Bunionette Surgery Perth
5th Toe correction
What Is A Fifth Toe Bunion?
A fifth toe bunion, also known as a tailer’s bunion or bunionette, is a common condition that effects the 5th toe (also known as the little toe) and forefoot alignment of many Australians. It can occur at all stages of life. Often people experience pain and discomfort with a bump developing on the outside of their foot at the base of their 5th toe. The 5th toe may also migrate inwards toward the 4th toe, potentially rubbing and causing interdigital corns (heloma molle) or change the orientation and function of the 4th toe (see hammer toe surgery).
The bump is caused by a change in the alignment of bones in the toe and at the 5th Metatarsal phalangeal joint, the joint where the 5th toe attaches to the foot.
A bunionette procedure should be considered if you are experiencing discomfort in everyday shoes, a loss of function or restriction in activities, or you have regular pain.
How Are Fifth Toe Bunions Treated?
Fifth toe Bunions can be treated conservatively or with surgical correction. It is important to consider a conservative style of treatment before pursuing surgical options.
Dr Pocklington is both a Podiatric Surgeon (foot and ankle specialist surgeon) and trained podiatrist with extensive understanding of the form and function of the foot before and after surgery. This includes consideration of conservative as well as surgical intervention and the overall function (biomechanics of your foot).
Conservative care for a 5th toe bunion includes accommodation and support with shoe modification, intrinsic muscles strengthening, as well as taping and strapping and more. While a 5th toe bunion cannot be corrected via conservative measures, comfort and function can be maximised without the need for surgical intervention. Dr Pocklington (Podiatric Surgeon) can fully assess your toe and feet to determine which treatment is best for you.
When Should I Consider Fifth Toe Bunionette Surgery?
If conservative measures are not able to alleviate your discomfort or the deviation of your 5th toe is significant and causing pain in your 4th toe or webspace then 5th toe bunionette surgery should be considered. The goal of surgery is to restore the normal shape and function of the 5th toe and foot.
The key result is reduction or resolution of pain and a healthy return to normal activities and footwear. As a Podiatric Surgeon, Dr Pocklington is a foot and ankle specialist trained extensively in procedures used to treat 5th toe bunions and can assist you in deciding whether surgery is right for you.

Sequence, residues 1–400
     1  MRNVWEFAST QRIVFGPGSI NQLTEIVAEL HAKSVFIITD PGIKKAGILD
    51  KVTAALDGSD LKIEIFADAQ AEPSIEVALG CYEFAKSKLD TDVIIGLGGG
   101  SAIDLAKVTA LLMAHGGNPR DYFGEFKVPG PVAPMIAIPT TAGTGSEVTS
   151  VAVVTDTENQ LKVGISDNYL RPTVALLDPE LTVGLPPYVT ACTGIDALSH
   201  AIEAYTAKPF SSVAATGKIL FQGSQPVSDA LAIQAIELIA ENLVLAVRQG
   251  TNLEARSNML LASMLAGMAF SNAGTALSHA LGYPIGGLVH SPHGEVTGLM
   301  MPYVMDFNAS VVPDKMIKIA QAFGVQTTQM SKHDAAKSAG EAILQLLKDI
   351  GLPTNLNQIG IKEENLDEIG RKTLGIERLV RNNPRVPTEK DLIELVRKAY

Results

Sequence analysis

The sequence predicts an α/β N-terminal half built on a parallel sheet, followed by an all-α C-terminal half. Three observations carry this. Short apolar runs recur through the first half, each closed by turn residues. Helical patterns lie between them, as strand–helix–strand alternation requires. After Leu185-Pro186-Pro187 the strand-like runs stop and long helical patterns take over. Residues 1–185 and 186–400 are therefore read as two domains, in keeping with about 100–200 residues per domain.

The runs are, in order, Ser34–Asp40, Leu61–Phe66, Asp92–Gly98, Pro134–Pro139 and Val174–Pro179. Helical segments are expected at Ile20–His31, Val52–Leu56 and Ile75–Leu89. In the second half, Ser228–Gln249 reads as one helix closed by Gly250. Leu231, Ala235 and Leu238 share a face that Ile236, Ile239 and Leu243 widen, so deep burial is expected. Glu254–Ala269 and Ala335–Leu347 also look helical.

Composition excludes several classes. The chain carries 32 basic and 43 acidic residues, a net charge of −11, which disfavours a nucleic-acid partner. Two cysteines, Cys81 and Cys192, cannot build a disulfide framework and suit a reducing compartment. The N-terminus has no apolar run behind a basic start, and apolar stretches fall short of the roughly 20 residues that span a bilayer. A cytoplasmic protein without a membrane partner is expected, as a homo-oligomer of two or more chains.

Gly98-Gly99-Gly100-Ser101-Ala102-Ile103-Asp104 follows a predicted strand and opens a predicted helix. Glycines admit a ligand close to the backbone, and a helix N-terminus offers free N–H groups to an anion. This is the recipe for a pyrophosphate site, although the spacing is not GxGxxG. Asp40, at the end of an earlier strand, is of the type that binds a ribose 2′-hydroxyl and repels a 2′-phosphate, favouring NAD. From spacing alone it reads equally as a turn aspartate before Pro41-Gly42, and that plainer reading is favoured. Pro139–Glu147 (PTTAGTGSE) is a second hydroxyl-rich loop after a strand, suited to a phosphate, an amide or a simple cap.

What Will My Bunionette Surgery Involve?
A fifth toe bunionette correction can be performed with several different approaches and combinations of procedures. Determining the correct procedure involves a thorough examination of your foot and medical history. Generally, surgery will be performed at the head or base of the fifth metatarsal, but surgery can also involve the phalangeal bones of the toe. 5th toe bunion correction may also be performed in combination with other procedures to correct other problematic congenital positions of the 5th toe.
The surgery will involve an incision and surgical fracture (cut) to one or more bones in your foot, allowing the bones to be manipulated and realigned. The cuts are then fixated with screws or other fixation devices including surgical plates or wire.
Each procedure is appropriate for certain presentations and severity of condition. Similarly, each has advantages and risks that Dr Pocklington will discuss with you in detail prior to your surgery. Most bunionette procedures take between 15 minutes and half an hour to perform. Anaesthetic injections are used to numb your foot locally in all cases, but an anaesthetist will also provide either a general anaesthetic or IV sedation.
Bunionette Care and Recovery After Surgery
Usually 5th toe bunion surgery is a day procedure allowing you to immediately put some weight on your foot whilst in a stiff sole surgical shoe. Sometimes people stay overnight at a private hospital and return home the following day.
Pain relief after a bunionette surgery usually involves a combination of painkillers and anti-inflammatories, but significant pain relief is often unnecessary. Paracetamol is usually all that is required within the first week.
Bony healing usually occurs 6 to 8 weeks after the surgery and during this time restricted activities, including time off work is recommended. Dressings are removed and replaced at 1 week, giving you an opportunity to see your progress and discuss it with Dr Pocklington. Sutures are usually removed at 2 weeks. The process of healing after surgery is important and requires ongoing attention from your surgeon. A podiatric range of motion exercise and stretching rehabilitation program begins immediately to ensure function is returned to the foot, toe and your life as soon as possible.
Please book online to speak with Dr Pocklington about a fifth toe bunion correction.
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